Cookiepocalypse on Pause

Like millions of Americans’ post-pandemic weight-loss plans, the end of cookies has been put off until late 2023.

The news that Google was delaying its planned depreciation of cookies by more than a year reverberated across the ad industry rapidly this past week. Many had predicted it, but the abruptness may still have been shocking to some, given all the Cookiepocalypse literature that has been produced over the past few months — not to mention the fact that rival Apple had already kicked off its ad targeting killer by making IDFA opt in, and so far, the world hasn’t ended. Still, the digital advertising system as we know it is going to change, which makes the preparatory work of industry groups and key players all the more important.

Don’t be evil — or don’t get caught

What’s behind the delay? CafeMedia immediately jumped in with analysis, and the thinking is that Google actually listened to the broader web ecosystem and realized that so many companies that rely on cookies to do business need more time. After all, similar delays have been enacted when Google heard from various constituents that aspects of its Privacy Sandbox initiative needed tweaking.

“Google ultimately decided to delay this transition to protect publishers’ business models,” wrote our own Chief Strategy Officer, Paul Bannister.

There’s a more cynical take out there, however. As we mentioned a few weeks back, Google has gotten heat over its digital marketing dominance from regulators and lawmakers who don’t like how much data the company collects on users. So in many people’s eyes, getting rid of cookies was a way for Google to demonstrate it was happy to ease up on tracking people.

Which sounds noble in theory — who doesn’t want better protections for consumers? The problem is that it’s becoming increasingly clear to many in the industry and in DC that by eliminating cookies and mobile tracking, more consumer data and power could end up in the hands of two of the world’s most powerful companies, Google and Apple. Meanwhile, the rest of the publishing industry could be in danger of losing even more clout.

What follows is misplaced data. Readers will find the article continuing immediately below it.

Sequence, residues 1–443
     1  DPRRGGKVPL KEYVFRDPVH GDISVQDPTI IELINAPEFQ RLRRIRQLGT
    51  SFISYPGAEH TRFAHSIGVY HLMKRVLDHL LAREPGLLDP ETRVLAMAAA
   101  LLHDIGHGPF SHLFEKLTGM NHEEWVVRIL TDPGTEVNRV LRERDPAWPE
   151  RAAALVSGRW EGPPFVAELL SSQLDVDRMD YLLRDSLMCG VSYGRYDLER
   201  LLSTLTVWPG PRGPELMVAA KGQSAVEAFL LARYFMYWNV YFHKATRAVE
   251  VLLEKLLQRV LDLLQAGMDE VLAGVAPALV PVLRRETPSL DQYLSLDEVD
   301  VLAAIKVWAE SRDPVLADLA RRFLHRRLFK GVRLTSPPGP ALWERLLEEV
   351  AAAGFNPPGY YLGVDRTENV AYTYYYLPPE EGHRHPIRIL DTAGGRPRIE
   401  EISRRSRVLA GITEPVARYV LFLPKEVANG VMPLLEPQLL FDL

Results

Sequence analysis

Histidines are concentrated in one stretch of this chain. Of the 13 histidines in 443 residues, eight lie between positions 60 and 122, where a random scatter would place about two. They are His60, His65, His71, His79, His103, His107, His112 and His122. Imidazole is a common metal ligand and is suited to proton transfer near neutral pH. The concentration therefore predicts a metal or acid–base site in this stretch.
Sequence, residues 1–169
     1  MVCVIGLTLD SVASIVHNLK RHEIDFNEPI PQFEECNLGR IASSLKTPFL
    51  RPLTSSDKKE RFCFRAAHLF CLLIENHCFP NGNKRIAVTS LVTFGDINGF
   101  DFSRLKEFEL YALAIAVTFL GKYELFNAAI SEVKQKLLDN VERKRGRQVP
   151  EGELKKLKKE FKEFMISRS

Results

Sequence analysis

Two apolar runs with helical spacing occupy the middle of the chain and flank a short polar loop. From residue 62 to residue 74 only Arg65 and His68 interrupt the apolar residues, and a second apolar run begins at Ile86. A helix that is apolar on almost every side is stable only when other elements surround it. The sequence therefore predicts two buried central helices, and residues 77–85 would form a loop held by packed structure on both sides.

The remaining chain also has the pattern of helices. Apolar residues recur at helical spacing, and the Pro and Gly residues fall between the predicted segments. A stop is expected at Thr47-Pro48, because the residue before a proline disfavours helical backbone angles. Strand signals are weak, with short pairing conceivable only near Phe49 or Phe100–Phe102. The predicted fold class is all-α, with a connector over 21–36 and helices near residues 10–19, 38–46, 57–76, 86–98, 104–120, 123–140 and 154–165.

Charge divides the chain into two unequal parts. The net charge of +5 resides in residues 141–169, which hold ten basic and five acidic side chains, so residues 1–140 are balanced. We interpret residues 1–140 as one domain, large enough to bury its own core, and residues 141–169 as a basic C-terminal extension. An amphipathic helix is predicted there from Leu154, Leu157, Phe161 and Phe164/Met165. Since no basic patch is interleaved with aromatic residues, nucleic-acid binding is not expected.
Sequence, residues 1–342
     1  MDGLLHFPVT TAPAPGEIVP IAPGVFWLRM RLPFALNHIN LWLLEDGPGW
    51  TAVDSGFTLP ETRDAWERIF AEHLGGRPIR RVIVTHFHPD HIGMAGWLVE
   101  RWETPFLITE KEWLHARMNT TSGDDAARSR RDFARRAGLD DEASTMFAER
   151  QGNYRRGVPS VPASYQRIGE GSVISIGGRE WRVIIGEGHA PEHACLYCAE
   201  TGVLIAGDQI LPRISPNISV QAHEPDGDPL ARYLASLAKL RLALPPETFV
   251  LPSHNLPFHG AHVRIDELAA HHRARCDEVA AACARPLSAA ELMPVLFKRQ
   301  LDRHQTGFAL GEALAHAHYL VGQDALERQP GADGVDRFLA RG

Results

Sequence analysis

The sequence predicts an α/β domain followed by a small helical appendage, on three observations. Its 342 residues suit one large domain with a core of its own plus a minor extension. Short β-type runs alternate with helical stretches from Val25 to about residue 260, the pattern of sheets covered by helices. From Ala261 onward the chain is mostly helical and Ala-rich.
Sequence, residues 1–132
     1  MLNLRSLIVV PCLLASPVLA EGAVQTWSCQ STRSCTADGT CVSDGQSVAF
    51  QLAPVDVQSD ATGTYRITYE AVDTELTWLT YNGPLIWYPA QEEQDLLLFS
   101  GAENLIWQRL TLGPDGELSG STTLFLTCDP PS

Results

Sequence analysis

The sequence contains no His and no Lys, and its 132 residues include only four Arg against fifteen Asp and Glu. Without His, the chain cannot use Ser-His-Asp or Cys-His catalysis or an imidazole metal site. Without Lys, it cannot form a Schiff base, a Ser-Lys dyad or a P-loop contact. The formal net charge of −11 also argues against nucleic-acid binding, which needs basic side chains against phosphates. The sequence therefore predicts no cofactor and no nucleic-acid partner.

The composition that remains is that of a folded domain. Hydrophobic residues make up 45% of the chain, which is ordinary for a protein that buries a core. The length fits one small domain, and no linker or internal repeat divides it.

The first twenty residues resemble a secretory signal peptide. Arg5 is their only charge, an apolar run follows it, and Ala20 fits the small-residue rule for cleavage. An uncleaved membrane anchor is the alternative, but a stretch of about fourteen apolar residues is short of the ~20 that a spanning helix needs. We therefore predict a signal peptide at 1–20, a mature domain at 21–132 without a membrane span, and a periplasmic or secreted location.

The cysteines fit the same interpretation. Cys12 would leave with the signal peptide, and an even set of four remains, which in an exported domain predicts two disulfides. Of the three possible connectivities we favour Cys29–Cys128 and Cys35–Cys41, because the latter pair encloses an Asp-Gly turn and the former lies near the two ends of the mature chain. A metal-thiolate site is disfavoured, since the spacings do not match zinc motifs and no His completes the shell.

That seems to be what’s motivating regulators in the UK. The country’s Competition and Markets Authority recently said it wanted a say in how Google planned to phase out cookies, as worries were growing that the move would hurt media companies’ businesses. That’s been a growing fear in the industry — that Google’s move is ostensibly aimed at helping consumers but will ultimately create even more advantages for the walled gardens over the open web. “It’s critical that the replacement technologies get things right,” Bannister told The Wall Street Journal. “It’s also critical to make sure that even more money doesn’t go to the tech giants in the process.”

Now, despite long preaching that alternatives like FLoC would be good for the entire digital ad industry, it seems as though the UK regulators got to the folks at Mountain View, per Variety.

This move by UK regulators may give some whiplash, given how close FLoC was to being rolled out just a few weeks ago, reported TechCrunch. In the meantime, Google has invited industry feedback regarding the CMA inquiry into the Privacy Sandbox, with a deadline of July 8 at 5 pm.

Lots of questions

So what happens next? Two years may feel like a long time, given how much we’ve all been talking about the slew of changes hitting digital marketing. But if your business has relied on this form of tracking for years, you need all the time you can get to prepare.

In the near term, there are so many questions. Are things still full steam ahead for Sandbox, and FLoC testing, for example? Will marketers still fixate on first-party (and the startups promising better uses of first-party data?)? What happens to UID? Does it lose momentum?

What about consumers? Were they considered?

“I’m pissed. I don’t know if every brand is pissed, but I’m pissed,” said Jonathan Halvorson, VP, consumer experience, Mondeléz in Ad Age. “[Marketers are] losing time. Consumers are losing trust in the industry, so why are we continuing with this?”

Ok then.

Still, others were cheering the move, including some who wanted more testing for alternatives. And one group was clearly celebrating…

Party like it’s 2017

Investors clearly enjoyed the cookie news, as adtech companies like The Trade Desk, Magnite, Criteo and others saw an immediate stock pop upon the announcement, reported CNBC. Whether this reaction makes sense is up for debate, but it’s natural to wonder, does this mean we’re going back to a retargeting free-for-all? Instead of working on solutions, is this more like finding out the wedding band is going to play an extra hour, so you decide to keep dancing and worry about tomorrow, tomorrow?

Maybe so, but consumers shift toward mobile and CTV consumption isn’t changing regardless. And cookies are mostly a non-factor in those environments.

Needless to say, there is a lot more to unpack here. And the near-term future of digital intent is far from clear.

That’s it for this week…see you next time.